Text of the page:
KATHMANDU - WFP Nepal has introduced Tablet PCs for field monitor staff to help them collect in-depth information about food security across the country, replacing the use of Personal Digital Assistant (PDAs) and satellite phones. This is part of an overall system upgrade of WFP Nepal’s real-time information management system called eWIN.
Thirty-five WFP field monitors, who are based in different parts of Nepal, were provided with Tablet PCs in July of this year to help achieve efficient data collection and processing from the field.
By collecting and providing vital real-time information about the food security status of the most vulnerable in the country, WFP field monitors help ensure that these communities receive the right food at the right time. Walking is often the only mode of transport in remote areas of the Himalayas bordering Tibet where they face very difficult conditions, including isolation, adverse weather and altitudes above 4,000 meters. These monitors serve as the backbone of the Nepal Food Security Monitoring System (NeKSAP), the most comprehensive data collection and field surveillance system in Nepal.
During the handing over ceremony, Deputy Country Director Nicolas Oberlin expressed his expectations that the new technology would be “extremely convenient” to work with. “The field monitors work in difficult circumstances and we are pleased to provide them with the best tool to make their work easier,” he said.
Work Made Easy With Technology
The tablet PC is a versatile tool that supports pen navigation, enabling the user to write text directly on the screen which can later on be printed. It combines the best features of paper, notebook PCs and PDAs, revolutionizing the way field monitors work -- now it is easier to capture, access and use information wherever the job takes them. The tablets also have GPS, SIM slot, wireless connectivity and multi-media capabilities. It runs on Windows 7 which allows the field monitors to use Microsoft Office applications and e-mails so that they can remain connected with the office while working in some of the remotest parts of the country.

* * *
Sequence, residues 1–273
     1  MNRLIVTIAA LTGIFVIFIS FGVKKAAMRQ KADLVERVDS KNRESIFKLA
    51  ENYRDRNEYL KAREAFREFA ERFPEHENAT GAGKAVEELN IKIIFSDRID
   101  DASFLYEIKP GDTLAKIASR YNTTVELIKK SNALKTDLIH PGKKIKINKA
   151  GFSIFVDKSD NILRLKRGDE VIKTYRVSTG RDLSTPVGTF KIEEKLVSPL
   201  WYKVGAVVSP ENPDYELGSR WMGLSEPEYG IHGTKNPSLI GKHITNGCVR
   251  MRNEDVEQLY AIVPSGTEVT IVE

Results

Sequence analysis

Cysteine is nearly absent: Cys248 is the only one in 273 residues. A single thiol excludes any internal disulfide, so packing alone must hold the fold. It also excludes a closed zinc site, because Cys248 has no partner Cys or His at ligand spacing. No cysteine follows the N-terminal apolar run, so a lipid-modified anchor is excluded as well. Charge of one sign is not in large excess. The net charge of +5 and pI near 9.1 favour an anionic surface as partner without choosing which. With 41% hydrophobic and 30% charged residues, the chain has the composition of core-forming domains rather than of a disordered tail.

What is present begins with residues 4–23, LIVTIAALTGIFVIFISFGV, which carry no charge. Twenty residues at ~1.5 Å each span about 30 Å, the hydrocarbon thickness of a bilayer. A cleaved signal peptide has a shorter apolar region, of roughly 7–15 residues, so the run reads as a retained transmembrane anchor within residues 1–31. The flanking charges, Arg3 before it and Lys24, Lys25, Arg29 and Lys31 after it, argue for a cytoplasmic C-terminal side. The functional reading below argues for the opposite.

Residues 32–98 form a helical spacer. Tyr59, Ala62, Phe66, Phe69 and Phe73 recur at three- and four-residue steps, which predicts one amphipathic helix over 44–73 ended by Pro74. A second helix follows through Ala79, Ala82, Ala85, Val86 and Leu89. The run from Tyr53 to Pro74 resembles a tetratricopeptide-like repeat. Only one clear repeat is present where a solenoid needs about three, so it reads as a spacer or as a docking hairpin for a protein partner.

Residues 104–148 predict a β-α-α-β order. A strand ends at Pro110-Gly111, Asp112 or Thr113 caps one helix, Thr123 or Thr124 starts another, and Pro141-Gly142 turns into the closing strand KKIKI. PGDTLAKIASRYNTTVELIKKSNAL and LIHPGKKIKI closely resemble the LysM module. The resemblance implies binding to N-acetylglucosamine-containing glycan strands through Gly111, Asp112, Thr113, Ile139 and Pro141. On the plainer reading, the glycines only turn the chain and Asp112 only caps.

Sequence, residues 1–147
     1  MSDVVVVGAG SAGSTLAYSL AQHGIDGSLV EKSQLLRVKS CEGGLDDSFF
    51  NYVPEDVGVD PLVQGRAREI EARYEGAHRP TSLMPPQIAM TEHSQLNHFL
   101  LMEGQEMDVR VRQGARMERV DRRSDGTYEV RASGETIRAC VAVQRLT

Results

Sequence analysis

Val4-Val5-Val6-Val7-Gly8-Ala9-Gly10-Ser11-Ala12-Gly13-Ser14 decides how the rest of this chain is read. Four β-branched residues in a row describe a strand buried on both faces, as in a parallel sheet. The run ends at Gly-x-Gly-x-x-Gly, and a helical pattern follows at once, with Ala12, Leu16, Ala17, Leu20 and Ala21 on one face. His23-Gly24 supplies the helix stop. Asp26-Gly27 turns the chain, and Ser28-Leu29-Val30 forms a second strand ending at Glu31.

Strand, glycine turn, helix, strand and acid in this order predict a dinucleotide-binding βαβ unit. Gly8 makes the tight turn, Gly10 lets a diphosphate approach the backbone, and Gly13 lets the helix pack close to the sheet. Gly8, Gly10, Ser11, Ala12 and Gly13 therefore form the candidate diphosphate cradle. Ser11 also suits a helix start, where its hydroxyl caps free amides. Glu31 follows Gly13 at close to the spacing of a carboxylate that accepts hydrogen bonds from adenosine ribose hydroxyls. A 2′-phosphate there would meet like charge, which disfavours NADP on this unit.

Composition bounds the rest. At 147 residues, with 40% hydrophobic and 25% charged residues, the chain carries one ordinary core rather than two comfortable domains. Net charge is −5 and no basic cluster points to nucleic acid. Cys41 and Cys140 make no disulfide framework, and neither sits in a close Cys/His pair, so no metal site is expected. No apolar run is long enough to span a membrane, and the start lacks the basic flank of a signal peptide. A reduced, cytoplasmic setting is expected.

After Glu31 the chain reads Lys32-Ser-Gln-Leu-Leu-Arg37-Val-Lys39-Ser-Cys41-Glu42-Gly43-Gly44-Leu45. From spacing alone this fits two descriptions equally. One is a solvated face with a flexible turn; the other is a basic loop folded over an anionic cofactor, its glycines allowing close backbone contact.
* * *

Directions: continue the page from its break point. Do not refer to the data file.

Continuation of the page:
“Over the years, technology and infrastructure have developed rapidly and the system that we were using (PDAs and Satellite phones) was getting obsolete. There was a pressing need to upgrade the entire system,” said Mariko Kawabata, Head of the WFP Nepal’s Food Security Monitoring and Analysis Unit (FSMAU).
“WFP Nepal has built a unique capacity and experience of collecting and processing real-time information from remote parts of the country. We are confident that the use of the new technology will be instrumental to achieve a greater accuracy, consistency and timeliness of the information collected from the field.”
In Nepal, the WFP field monitors have been an unparalleled source of grassroots information on food security. They collect extensive data/information at household and community levels covering a wide range of thematic areas such as socio-economic and agro-ecological contexts, food supplies, markets, livelihoods, coping strategies, nutrition, health, education, etc. The data is then transmitted to a database system in Kathmandu which can be accessed instantly and analyzed by the FSMAU staff in the Country Office.
Inputs from field monitors have been an important source for WFP to identify the most food-insecure population, contributing to the achievement of effective targeting and design of the right type of interventions. Information from them have also been used by various stakeholders including UN agencies, donors and policy makers in designing and monitoring different food security programme and has helped provide early warning in various contexts including natural disasters, food price increases and political instability, facilitating a timely intervention by relevant stakeholders.
“We are all thankful to the country office for providing us this powerful tool, with the best technology to work with. We are encouraged to work even better,” said Raju Chhetri, one of the field monitors.